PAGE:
The progression of tooth decay

Bacteria from the family streptococci are the main cause of tooth decay. Good daily oral hygiene is necessary as a preventative for tooth decay. Dentists  explain the progression of tooth decay and why it’s important to make and keep regular visits to your dentist; also as a preventative.

A carbohydrate, mainly sugars, along with poor daily oral hygiene enables cavity-causing bacteria to feed on and grow with no interference. Acid is produced when the bacteria metabolize sugars. The acid, in turn, eats away at the enamels surface, when this happens; it’s called ‘demineralization.’

When the tooth begins to appear to have white or brown areas, it’s in it’s first stage of decay and is usually only noticed by a dentist. Another clue of the first stage of decay is a shadowy area of less density on an x-ray. At this point, there’s a good chance of reversible damage.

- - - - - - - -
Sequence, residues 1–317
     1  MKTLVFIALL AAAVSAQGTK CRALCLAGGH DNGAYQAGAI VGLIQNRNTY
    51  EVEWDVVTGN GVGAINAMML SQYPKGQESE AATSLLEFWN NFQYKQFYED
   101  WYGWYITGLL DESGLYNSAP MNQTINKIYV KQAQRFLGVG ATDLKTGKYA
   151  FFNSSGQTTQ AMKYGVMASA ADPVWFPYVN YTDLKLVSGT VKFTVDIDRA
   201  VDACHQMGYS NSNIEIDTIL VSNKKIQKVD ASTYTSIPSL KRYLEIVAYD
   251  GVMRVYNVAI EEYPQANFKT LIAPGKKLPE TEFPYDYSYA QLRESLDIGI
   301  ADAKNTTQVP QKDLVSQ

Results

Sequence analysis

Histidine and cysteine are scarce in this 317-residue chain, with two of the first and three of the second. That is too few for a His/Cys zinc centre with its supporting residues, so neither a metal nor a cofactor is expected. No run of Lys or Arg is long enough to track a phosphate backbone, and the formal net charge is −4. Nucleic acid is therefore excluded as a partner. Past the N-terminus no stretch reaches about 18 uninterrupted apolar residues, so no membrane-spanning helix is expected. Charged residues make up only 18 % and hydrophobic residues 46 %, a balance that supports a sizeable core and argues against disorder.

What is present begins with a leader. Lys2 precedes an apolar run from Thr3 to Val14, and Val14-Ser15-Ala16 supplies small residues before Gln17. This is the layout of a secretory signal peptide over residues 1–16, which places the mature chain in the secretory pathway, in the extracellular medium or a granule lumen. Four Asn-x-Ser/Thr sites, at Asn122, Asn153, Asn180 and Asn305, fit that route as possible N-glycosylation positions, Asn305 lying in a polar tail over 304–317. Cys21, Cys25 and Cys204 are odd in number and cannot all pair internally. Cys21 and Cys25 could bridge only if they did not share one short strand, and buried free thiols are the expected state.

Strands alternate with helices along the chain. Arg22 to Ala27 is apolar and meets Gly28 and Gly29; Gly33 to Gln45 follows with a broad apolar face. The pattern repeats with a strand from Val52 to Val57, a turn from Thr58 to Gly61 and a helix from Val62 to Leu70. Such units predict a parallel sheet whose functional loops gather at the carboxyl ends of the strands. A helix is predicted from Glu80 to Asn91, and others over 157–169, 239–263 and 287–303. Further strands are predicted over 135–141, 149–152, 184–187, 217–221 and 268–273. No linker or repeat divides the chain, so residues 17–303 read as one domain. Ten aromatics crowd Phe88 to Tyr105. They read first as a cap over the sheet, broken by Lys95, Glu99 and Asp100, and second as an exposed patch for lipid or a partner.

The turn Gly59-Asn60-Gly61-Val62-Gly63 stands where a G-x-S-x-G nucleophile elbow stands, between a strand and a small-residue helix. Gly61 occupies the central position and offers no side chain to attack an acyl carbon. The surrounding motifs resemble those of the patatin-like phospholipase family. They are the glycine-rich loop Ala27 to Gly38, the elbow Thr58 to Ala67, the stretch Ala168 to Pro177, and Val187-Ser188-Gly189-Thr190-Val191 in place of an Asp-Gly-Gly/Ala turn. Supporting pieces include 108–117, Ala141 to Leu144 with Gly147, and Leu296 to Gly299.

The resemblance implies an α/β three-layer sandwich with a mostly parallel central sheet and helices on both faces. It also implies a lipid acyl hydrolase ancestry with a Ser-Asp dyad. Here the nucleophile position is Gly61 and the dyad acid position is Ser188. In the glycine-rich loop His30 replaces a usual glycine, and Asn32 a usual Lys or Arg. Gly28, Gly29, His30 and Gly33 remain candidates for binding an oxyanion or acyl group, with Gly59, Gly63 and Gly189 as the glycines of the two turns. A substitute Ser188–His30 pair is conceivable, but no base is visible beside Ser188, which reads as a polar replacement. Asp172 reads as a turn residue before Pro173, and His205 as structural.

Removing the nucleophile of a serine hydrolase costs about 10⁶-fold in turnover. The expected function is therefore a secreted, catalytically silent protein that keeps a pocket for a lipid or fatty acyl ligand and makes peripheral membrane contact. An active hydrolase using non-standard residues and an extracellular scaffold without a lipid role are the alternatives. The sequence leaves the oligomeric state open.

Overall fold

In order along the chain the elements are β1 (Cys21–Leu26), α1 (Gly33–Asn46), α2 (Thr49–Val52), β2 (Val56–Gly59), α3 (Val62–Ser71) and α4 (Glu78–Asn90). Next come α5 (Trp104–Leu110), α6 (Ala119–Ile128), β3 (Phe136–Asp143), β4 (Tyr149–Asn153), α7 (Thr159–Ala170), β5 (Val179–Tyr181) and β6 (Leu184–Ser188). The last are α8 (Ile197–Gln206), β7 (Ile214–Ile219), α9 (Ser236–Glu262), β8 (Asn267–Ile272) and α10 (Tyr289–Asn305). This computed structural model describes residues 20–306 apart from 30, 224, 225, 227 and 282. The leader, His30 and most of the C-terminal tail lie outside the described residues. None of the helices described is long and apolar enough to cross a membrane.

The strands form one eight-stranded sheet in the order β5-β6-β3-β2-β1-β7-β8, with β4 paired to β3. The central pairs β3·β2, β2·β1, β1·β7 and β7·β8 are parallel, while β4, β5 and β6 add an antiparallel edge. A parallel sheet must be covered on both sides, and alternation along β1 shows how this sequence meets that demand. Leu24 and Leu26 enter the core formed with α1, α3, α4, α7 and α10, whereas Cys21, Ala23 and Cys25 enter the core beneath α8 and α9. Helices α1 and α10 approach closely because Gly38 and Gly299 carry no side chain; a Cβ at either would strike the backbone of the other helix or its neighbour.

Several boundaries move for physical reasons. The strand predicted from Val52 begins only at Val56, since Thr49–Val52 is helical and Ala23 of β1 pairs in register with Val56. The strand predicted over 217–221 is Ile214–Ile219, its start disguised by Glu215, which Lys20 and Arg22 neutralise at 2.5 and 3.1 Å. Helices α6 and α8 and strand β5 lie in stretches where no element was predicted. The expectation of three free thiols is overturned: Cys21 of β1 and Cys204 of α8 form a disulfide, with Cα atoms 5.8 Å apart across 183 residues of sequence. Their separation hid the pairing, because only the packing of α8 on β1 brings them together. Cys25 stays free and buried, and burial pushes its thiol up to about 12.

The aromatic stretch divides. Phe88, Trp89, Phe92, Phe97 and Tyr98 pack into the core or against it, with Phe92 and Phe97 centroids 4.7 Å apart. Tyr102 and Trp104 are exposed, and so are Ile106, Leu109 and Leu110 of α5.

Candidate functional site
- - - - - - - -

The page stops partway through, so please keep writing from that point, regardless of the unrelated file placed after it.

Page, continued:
Eventually, the acid will penetrate the enamel and a cavity will form. This could take up to three or four years. At this stage, the tooth can’t repair itself. You’re tooth may begin to ache and may be sensitive to hot or cold or sweet foods.

When the cavity begins to grow, it extends into the soft tissue of the pulp and causes an infection called pulpitis. The tissue begins to swell and the swollen tissue squeezes the blood vessels and the blood supply to the pulp is cut off and the pulp dies. There’s usually a considerable amount of pain at this pint.

The infection continues to spread to the root of the tooth and creates an inflamed pocket or ‘abscess.’ If the infection enters the bloodstream, it could cause a system-wide infection that may be life-threatening.

To prevent a tooth from getting to that point, be sure to have regular check-ups and get into a habit of good daily oral hygiene.